moves forward gets killed! There are eight revolvers here."

Then I saw that Wainwright had come forward, despite my bidding, eager
to take his share of the onslaught. And by some freak of the spirit of
the perverse the boy, who had shown himself so timid during the day,
had now slipped out of his room and climbed upon a chair to see what
the excitement was about, as though danger and death were the last
things in the world with which he had to reckon.

I caught a glimpse of his form out of the tail of my eye as he mounted
the chair in his night-dress. I turned with an exclamation to
Wainwright and was leaping to cover him from a possible bullet, when
there was a roar of rage and the voice of Terrill rang through the

"Tricked again!" he cried with a dreadful oath. "It's the wrong boy!"



The wrong boy!

For a moment I could not understand nor believe; and when the meaning
of the words came to me, I groped in mental darkness, unable to come in
touch with the significant facts by which I was surrounded. The solid
earth had fallen from under me, and I struggled vainly to get footing
in my new position.

But there was no time for speculation. Half in a daze I heard a roar of
curses, orders, a crash of glass as the lamp was extinguished, and over
all came the prolonged growl of a wolf-voice, hoarse and shaken with
anger. There was a vision of a wolf-head rising above the outline of
faces a few yards away, dark, distorted, fierce, with eyes that blazed
threats, and in an instant I found myself in the center of a
struggling, shouting, swearing mass of savage men, fighting with naught
but the instinct of blind rage. Shots were fired, but for the most part
it was a hand-to-hand struggle. The clearest picture that comes to me
out of the confused tangle is that of Wainwright handling his pistol
like a bowie knife, and trying to perform a surgical operation
extensive enough to let a joke into Darby Meeker's skull.

I doubt not that I was as crazy as the rest. The berserker rage was on
me, and I struck right and left. But in my madness there was one idea
strong in my mind. It was to reach the evil face and snake-eyes of Tom
Terrill, and stamp the life out of him. With desperate rage I
shouldered and fought till his white face with its venomous hatred was
next to mine, till the fingers of my left hand gripped his throat, and
my right hand tried to beat out his brains with a six-shooter.

"Damn you!" he gasped, striking fiercely at me. "I've been waiting for

I tightened my grip and spoke no word. He writhed and turned, striving
to free himself. I had knocked his revolver from his hand, and he tried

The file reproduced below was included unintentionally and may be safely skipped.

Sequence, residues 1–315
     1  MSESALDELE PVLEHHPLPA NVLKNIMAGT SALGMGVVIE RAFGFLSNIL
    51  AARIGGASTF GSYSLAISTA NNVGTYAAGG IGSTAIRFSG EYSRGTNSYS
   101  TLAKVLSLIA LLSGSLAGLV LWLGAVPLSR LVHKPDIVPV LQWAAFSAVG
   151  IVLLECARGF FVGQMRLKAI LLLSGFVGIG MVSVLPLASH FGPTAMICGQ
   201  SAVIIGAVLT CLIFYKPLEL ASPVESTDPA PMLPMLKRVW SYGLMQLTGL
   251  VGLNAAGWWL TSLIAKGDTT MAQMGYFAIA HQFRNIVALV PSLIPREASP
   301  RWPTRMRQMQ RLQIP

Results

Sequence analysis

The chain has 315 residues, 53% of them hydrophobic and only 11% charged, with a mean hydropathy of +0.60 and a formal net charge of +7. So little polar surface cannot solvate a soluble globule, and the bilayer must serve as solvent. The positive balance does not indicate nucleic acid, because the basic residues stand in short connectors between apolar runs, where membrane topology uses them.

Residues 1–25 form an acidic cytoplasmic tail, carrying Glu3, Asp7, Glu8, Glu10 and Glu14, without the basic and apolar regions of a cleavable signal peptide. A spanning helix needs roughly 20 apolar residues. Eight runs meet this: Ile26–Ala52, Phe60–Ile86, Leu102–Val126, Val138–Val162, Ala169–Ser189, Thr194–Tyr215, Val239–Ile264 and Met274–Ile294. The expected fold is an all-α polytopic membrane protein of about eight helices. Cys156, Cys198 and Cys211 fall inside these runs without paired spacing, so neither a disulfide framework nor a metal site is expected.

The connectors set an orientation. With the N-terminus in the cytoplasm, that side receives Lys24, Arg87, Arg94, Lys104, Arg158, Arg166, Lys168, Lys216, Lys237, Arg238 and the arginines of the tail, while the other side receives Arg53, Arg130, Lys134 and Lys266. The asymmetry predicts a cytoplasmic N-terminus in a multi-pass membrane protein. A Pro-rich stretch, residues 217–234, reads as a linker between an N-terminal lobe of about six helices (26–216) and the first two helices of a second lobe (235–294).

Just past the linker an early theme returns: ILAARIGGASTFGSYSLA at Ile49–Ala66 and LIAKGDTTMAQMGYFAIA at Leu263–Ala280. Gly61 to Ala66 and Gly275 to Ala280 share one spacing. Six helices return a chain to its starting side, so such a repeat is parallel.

in vain to reach it. My grip was strong with the strength of madness,
and the white face before me grew whiter except where a smear of blood
closed the left eye and trickled down over the cheek beneath. A trace
of fear stole into the venomous anger of the one eye that was
unobscured, as he strove without success to guard himself from my
blows. But he gave a sudden thrust, and with a sinuous writhe he was
free, while I was carried back by the rush of men with the vague
impression that something was amiss with me. Then a great light flamed
up before me in which the struggling, shouting mob, the close hall and
room, and the universe itself melted away, and I was alone.

The next impression that came to me was that of a voice from an
immeasurable distance.

"He's coming to," it said; and then beside it I heard a strange wailing

"What is it?" I asked, trying to sit up. My voice seemed to come from
miles away, and to belong to some other man.

"That's it, you're all right," said the voice encouragingly, and about
the half of Niagara fell on my face.

I sat up and beheld the room whirling about, the walls, the furniture,
and the people dancing madly together to a strange wailing sound that
carried me back to the dens of Chinatown. Then the mists before my eyes
cleared away, and I found that I was on the floor of the inner bedroom
and Wainwright had emptied a water-jug over me. The light of a small
kerosene lamp gave a gloomy illumination to the place. Lockhart and
Fitzhugh leaned against the door, and Wilson bent with Wainwright over
me. The boy was sitting on the bed, crying shrilly over the melancholy

I tried to stagger to my feet.

"Wait a bit," said Wainwright. "You'll get your head in a minute."

I felt acutely conscious already that I had my head. It seemed a very
large head that had suffered from an internal explosion.

"What is it?" I asked, gathering my scattered wits. "What has

"We've been licked," said Wainwright regretfully. "The rest of the boys
got took, but we got in here. Fitz and me seen the nasty knock you got,
and dragged you back, and when we got you here the parlor was full of
the hounds, and Porter and Abrams and Brown was missing. We found you
was cut, and we've tried to fix you up."

I looked at my bandaged arm, and put one more count in the indictment
against Terrill. He had tried to stab me over the heart at the time he
had wrenched free, but he had merely slashed my arm. It was not a
severe wound, but it gave me pain.

"Only a scratch," said Wainwright.

I envied the philosophic calm with which he regarded it.